It is a wine and cheese reception, following a graduation ceremony of yet another group of students and change agents who just finished their MBA with Bainbridge Graduate Institute. Brent, who just finished the first of his two years, and I are talking about our summer plans. He says that he doesn’t want to disconnect for the summer, and instead, really wants to dig deep into his right livelihood – his life purpose – because this is why he came to the school to begin with, and this is what he wants to align his second year of studies to. I offer my support and invite him to stay in contact during the summer; have conversations, ask questions, recommend readings and resources. After all, I have been doing this work for a long time, and am more than happy to support another person on this journey into one of the essential inquiries we humans have been undertaking for millennia: “Why am I here really?”
“Wouldn’t it be cool to gather a group of people and spend a weekend camping somewhere here, in the Pacific Northwest, while doing a deep dive into this topic of right livelihood?” he says.
“Sure. I love the idea, and would be up for something like that,” I reply. “Why don’t you send a word and see what interest we have, as well as possible locations.”
The whole conversation took about 15 minutes and we parted ways. Didn’t even finish the glasses of wine we were holding. Later that night, Sunday, Brent sent an email to some current and past students of Bainbridge Graduate Institute. By the following Thursday, we had about 43 people who expressed interest, a Google group to organize it all, and 3 different possible location. By the weekend, the number of people climbed to about 60, I said “Yes” to 2 locations and 2 groups, and the Right Livelihood Quest was born.
There is a story about a woman at an exhibit of Picasso. She is standing in front of a painting, when she notices the artist standing beside her. “How long did it take you to paint this painting?” she asks. “About an hour,” comes the reply. “And all my life.”
My beloved and I have talked about the idea of an easy and effortless life recently, contemplating the juicy thought of aligning our lives to such perspective and approach. We thought of the times such beautiful and friendly ease found its way into our lives and whatever needed to happen, happened seemingly effortlessly. We “just” needed to be present, open, and trusting that there is a bigger wisdom at play.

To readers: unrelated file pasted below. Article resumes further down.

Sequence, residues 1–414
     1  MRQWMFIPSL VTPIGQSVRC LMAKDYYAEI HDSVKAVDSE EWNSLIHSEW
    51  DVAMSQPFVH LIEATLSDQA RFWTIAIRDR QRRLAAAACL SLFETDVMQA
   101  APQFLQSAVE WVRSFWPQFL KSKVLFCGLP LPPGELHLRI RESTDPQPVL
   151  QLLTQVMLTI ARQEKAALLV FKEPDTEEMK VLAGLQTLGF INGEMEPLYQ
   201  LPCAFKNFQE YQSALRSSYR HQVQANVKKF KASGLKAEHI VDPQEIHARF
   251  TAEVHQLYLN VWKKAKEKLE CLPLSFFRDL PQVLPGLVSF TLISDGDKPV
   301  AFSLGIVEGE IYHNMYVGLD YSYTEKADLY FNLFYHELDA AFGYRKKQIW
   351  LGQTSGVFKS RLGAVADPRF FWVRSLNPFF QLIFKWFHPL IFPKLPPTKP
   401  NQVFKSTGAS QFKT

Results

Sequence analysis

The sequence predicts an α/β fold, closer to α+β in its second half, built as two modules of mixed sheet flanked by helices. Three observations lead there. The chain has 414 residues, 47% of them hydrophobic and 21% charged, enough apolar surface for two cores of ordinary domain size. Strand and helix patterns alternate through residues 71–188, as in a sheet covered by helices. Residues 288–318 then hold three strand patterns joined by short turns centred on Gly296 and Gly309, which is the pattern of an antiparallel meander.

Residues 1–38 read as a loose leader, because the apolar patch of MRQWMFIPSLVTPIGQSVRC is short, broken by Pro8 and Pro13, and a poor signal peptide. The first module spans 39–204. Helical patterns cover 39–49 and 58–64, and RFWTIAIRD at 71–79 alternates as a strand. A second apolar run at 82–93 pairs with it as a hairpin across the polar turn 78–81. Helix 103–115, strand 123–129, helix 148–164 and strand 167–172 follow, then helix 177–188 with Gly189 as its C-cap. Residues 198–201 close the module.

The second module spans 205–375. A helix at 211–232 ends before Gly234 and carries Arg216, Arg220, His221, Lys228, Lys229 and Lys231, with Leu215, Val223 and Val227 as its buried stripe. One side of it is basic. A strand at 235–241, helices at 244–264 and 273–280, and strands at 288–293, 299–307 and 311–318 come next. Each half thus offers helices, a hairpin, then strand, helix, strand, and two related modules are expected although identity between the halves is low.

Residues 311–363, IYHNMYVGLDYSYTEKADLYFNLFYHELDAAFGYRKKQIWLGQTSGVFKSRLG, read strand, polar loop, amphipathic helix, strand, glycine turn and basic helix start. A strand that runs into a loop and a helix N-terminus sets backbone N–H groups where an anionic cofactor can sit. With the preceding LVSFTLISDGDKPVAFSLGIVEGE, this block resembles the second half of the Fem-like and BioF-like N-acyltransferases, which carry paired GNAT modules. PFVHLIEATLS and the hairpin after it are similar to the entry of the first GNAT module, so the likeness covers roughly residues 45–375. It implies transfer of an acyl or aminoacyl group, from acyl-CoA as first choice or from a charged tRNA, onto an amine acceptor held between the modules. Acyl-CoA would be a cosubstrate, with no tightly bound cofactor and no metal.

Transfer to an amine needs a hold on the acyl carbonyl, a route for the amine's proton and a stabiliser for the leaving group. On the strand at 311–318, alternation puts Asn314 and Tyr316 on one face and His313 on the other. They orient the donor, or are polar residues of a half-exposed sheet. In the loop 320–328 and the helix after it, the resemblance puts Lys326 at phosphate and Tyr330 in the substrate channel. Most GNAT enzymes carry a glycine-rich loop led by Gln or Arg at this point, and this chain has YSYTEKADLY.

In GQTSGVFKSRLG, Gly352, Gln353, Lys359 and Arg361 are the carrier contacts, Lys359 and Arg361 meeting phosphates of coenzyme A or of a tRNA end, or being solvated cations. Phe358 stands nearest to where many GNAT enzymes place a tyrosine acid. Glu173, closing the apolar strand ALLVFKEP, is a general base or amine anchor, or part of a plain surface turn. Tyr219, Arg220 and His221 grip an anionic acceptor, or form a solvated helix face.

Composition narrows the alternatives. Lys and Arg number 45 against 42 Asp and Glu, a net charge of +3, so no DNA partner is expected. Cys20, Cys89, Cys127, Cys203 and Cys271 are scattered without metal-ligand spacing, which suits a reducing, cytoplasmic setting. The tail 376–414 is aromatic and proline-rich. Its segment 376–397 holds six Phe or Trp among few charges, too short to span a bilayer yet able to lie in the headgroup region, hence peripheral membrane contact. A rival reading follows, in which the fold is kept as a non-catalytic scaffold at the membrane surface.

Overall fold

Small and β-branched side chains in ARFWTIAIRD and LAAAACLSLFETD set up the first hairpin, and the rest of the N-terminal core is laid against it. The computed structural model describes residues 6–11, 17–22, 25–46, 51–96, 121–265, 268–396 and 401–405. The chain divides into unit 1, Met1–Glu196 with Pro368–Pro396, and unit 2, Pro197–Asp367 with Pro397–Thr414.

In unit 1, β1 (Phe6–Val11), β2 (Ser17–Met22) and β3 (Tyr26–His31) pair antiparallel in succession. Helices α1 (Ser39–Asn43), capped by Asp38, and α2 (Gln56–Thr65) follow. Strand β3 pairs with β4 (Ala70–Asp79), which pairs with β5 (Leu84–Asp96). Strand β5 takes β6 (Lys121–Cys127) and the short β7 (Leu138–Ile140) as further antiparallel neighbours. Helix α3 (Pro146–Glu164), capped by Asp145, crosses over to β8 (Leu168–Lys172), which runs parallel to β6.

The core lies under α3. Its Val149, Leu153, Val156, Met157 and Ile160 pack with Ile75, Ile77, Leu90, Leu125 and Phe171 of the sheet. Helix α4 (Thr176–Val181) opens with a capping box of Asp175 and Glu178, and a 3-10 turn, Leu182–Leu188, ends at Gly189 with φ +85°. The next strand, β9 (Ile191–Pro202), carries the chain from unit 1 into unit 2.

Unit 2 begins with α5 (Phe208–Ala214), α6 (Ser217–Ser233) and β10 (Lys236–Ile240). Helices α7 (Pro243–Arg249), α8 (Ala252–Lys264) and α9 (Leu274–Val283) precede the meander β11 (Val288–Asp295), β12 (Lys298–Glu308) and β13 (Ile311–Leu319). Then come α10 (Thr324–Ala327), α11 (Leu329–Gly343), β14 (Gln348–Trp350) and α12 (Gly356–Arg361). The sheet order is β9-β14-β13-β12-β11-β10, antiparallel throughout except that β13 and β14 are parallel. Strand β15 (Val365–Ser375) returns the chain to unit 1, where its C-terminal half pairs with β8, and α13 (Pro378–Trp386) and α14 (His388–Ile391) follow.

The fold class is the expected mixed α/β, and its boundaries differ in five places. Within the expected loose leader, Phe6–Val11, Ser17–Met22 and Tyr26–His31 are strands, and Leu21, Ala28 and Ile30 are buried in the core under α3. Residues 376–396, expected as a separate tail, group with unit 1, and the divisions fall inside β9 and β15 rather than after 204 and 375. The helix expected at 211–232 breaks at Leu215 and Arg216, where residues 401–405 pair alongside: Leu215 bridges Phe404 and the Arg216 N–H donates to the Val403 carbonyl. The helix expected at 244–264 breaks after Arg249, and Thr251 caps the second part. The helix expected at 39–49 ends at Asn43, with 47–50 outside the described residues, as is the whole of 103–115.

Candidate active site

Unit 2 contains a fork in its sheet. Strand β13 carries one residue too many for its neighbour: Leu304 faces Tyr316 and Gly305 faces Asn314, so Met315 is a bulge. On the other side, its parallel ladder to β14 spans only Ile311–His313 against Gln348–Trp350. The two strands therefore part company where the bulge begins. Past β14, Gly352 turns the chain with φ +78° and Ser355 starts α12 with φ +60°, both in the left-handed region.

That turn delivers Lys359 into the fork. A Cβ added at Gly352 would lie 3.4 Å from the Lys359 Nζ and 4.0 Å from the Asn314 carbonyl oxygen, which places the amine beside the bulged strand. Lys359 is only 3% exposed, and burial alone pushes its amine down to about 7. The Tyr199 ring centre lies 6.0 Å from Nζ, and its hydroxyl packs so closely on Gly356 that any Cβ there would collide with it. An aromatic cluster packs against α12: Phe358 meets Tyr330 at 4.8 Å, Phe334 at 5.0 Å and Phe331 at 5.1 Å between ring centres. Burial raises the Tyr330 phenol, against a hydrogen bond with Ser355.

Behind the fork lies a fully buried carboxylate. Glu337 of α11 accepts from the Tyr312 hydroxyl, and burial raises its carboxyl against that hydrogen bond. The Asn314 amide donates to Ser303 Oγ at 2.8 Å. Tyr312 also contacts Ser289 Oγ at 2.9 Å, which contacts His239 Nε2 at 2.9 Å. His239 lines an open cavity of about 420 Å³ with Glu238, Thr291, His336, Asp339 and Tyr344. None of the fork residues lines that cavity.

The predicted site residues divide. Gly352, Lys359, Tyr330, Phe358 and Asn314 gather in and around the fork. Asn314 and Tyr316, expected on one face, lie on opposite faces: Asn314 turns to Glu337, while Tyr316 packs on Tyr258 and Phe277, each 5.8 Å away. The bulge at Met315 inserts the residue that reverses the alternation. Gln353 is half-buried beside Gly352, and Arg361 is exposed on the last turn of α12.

There was no need to struggle or force things into existence ahead of their time. There was no need to strategize endlessly, to over-plan, to agonize over “this” or “that” and try and figure out whether the timing is right and the action is even required to begin with.
When I forget about this approach, life becomes very different. It usually happens more when I have various simultaneous projects, all asking for my immediate attention and I shift into my “control mode” of engaging my will power. Life becomes hard work, and my level of joy diminishes. I am also a lot less fun to be around then. Eventually, it ends up with a wake up call, though I’d also like to say that I am becoming more adept at recognizing such rabbit holes, and, on occasion, even pulling myself out ahead of a painful reminder that is inevitably just around the corner.
Your hand opens and closes, opens and closes. If it were always a fist or always stretched open, you would be paralysed. Your deepest presence is in every small contracting and expanding, the two as beautifully balanced and coordinated as birds’ wings. – Rumi
Easy does not mean doing nothing, sitting on a purple meditation cushion and wrapped with an orange sarong (incidentally, I actually have both), waiting for the Universe to bring it all to you on a silver platter. Perhaps it means staying present and open, knowing who is responsible for what. We are responsible for our inner work, for preparing ourselves to be open, for surrendering to the greater mystery around us, and receiving that which was delegated to the Universe. She will do it on her own timing that might be different from ours.
Yet, it will always be the right time.